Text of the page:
…What is that even?

Many of the Fire Emblem intros give a little backstory or at least show what we ought to expect. The one for Path of Radiance did a great job in conveying a small part of the story without a single word of exposition.

This intro though? It just throws its character portraits at us as if it were an arcade fighting game. I know this is a nitpick, but the previous game at least tells us what the story is going to be about.

Fire Emblem: The Sacred Stones Eirika and Ephraim

So crappy intro movie aside, the actual story is about the royal twins, Eirika and Ephraim, getting pulled into a war caused by the once peaceful kingdom of Grado. Confused by this sudden invasion, it’s up to the twins to discover the real reason behind the war. This story has no connection to any other in the Fire Emblem series, so no prior knowledge of the series is required.

This isn’t a bad idea, except that our two lead characters are absolutely BORING.

Fire Emblem: The Sacred Stones Eirika and Seth

You begin the game as Eirika, the princess of Renais. And sadly, she doesn’t have the same charm as Lyndis from The Blazing Blade. Both are brave warrior princesses who are willing to fight for their cause to the end. The difference is that you do end up caring for Lyn’s cause seeing as how she has to deal with attempted assassinations and prejudice against her people. Lyn can lose her temper and desire vengeance like a real human being.

We’re looking at different characters here, but Eirika comes across as being too angelically perfect. Sho shweet and innocent, as you might call it. The “goodie two-shoes.” Her main character trait is that she helps out any village in peril along the way of her journey.

And isn’t it our duty to defend our countrymen? I’m only sad that we weren’t here to protect her friends and neighbors… So, yes, I feel we must help her.

Lady, you’re in a war! It’s impossible NOT to have casualties. Being here, there, and wherever won’t make a difference. While you go off to save someone, other citizens will have to suffer for it. That is the nature of war. It is out of your hands!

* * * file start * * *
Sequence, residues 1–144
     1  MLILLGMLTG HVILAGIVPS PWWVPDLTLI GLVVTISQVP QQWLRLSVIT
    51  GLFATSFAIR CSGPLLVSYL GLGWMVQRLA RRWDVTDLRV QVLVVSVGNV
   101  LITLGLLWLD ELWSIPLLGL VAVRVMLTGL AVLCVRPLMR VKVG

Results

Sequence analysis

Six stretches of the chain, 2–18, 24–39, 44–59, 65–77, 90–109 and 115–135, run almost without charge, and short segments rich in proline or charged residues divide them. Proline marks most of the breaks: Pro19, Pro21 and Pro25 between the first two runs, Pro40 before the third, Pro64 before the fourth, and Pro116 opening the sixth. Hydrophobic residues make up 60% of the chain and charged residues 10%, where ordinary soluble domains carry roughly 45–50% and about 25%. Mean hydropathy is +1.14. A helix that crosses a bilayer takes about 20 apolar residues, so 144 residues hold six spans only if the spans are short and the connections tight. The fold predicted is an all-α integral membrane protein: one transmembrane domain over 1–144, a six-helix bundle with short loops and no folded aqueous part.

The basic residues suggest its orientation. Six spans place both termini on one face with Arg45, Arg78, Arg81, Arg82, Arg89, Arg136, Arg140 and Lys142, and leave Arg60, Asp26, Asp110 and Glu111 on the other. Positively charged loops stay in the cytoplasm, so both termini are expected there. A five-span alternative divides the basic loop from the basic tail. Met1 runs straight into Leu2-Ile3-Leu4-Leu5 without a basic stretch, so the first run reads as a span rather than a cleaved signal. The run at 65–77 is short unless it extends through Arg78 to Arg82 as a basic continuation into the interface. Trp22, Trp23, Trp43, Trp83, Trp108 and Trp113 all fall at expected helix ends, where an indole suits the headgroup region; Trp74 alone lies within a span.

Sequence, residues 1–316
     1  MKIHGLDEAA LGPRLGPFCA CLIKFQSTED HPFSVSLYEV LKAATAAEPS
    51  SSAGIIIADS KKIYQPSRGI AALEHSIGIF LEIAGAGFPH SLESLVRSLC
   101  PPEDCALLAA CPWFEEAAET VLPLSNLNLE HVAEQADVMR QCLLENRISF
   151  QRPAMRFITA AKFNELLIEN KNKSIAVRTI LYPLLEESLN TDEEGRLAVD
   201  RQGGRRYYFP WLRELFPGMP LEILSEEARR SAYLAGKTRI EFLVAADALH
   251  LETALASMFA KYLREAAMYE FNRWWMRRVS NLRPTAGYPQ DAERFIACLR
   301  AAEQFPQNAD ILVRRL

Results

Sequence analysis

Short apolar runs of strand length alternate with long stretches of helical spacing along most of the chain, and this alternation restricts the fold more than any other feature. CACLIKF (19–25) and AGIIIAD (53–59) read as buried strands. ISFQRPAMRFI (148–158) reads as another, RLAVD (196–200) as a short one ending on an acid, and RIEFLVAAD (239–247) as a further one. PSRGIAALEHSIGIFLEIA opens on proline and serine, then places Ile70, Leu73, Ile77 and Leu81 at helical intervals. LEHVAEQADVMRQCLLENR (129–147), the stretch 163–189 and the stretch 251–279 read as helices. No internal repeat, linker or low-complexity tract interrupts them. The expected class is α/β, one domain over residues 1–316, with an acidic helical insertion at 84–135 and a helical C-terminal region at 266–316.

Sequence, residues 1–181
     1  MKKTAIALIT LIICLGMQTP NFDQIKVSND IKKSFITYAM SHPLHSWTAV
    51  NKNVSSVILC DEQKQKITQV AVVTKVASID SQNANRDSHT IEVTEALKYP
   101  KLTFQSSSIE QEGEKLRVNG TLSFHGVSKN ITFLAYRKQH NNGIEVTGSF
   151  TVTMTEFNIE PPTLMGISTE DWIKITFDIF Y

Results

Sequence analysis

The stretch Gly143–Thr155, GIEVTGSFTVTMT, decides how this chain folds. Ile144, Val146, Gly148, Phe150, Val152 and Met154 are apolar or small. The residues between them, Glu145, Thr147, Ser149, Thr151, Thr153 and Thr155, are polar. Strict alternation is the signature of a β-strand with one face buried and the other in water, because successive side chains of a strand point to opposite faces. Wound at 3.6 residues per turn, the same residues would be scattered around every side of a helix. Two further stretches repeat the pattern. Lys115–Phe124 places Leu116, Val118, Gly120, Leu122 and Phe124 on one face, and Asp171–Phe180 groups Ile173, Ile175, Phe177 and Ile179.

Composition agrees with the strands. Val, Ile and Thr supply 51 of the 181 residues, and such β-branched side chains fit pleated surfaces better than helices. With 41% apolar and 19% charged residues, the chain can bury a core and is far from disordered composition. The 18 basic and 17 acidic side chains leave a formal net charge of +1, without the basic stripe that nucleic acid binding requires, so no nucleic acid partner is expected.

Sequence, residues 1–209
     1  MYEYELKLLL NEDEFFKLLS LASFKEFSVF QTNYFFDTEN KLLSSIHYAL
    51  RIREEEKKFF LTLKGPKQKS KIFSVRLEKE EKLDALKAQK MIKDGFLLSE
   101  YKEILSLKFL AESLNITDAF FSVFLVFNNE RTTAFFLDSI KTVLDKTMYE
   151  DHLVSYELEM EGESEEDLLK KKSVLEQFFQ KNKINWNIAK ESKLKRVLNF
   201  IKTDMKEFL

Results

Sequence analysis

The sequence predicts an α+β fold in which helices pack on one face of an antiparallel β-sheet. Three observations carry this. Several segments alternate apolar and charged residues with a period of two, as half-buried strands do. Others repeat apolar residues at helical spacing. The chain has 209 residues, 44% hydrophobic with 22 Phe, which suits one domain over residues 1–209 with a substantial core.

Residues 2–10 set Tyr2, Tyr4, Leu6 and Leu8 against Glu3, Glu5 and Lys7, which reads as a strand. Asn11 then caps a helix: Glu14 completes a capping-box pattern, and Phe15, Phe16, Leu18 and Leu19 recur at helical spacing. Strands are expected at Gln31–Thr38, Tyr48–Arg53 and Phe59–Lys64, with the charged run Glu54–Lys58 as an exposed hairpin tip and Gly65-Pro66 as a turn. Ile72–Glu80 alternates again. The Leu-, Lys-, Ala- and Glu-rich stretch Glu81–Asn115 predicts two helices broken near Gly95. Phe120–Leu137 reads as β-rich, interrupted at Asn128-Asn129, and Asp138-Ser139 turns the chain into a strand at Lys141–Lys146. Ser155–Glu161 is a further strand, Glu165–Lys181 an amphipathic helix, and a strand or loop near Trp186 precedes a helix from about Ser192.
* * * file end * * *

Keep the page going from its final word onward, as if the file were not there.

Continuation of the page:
And that screenshot above? Her character never evolves beyond that quote. She is polite, kawaii, whatever, but that is really it. There is really nothing interesting about her, save for some derpy and predictable moments. Even after the death of her father, she recovers absurdly well. Her excuse: “We mustn’t mourn! Let’s go rescue my brother! On to the next plot point!”

Really? Not even a moment of silence? Even minor characters from The Blazing Blade get those.

Maybe I am just nitpicking here but I just wish there is more to this character than being your typical caring princess who steps out of her comfort zone to fight for justice. Yeah, that sounds like she went through character development from that description, but it happened so fast that it doesn’t even matter.

Fire Emblem: The Sacred Stones Eirika, Ephraim and Lyon
Well, good to know the game is self-aware.

Ephraim is more or less the same way, but a little more headstrong and noted as a clever strategist.

Fire Emblem: The Sacred Stones Ephraim and Valter

He also prefers fighting in the battlefield rather than ruling a kingdom. But he’s just your archetypal “badass” hero with nothing that really sets him apart from the other main characters of the series. I would say he’s even duller than Marth.

But he took control of a fortress with just four people!

Yeah, against a fort full of significantly weaker soldiers. And one of his own soldiers betrayed him and he got captured for it. What are the fucking odds?

And furthermore, if you unlock all of the support conversations between Eirika and Ephraim, you get cringeworthy lines like this.

Fire Emblem: The Sacred Stones Eirika and Ephraim
Dude… talk about twincest.

In fact, one of the male supporting characters got so jealous of their closeness that he considered Ephraim a rival for Eirika’s affections.


Okay. Whatever floats your boat, Innes.

I’m not much of a fan of many of the supporting characters either. They seem so… flat and uninspired. Even when fans come to claim that this game has some of the best support conversations in the series, I don’t really see the three dimensions of these characters. For example, I can’t stand Lute’s braggart, holier-than-thou attitude… whether in the storyline or in her support conversations.

Fire Emblem: The Sacred Stones Lute and Artur

Though I can kind of see why some other characters would make an impression. The unfortunate thing is that it may take multiple save files to dig up some interesting conversations. Ross and Gerik, Dozla and Rennac, Moulder and Vanessa, Duessel and Cormag, Knoll and Natasha, Joshua and L’Arachel. Just to name a few, really. It’s like there wasn’t that much time to flesh out the characters. I’m sure they could’ve been excellent characters with more time and effort.

However, the antagonists can be pretty entertaining. Especially the likes of a resident Wyvern Knight known as Valter the Moonstone.

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It’s like Hannibal Lecter and Fabio had a secret love-child with a permanent slasher smile and a psychotic lust for Eirika. This guy is the biggest ham in the game (if not one of the biggest hams of the series), and there are plenty of large hams to be found. He’s by far the most entertaining character.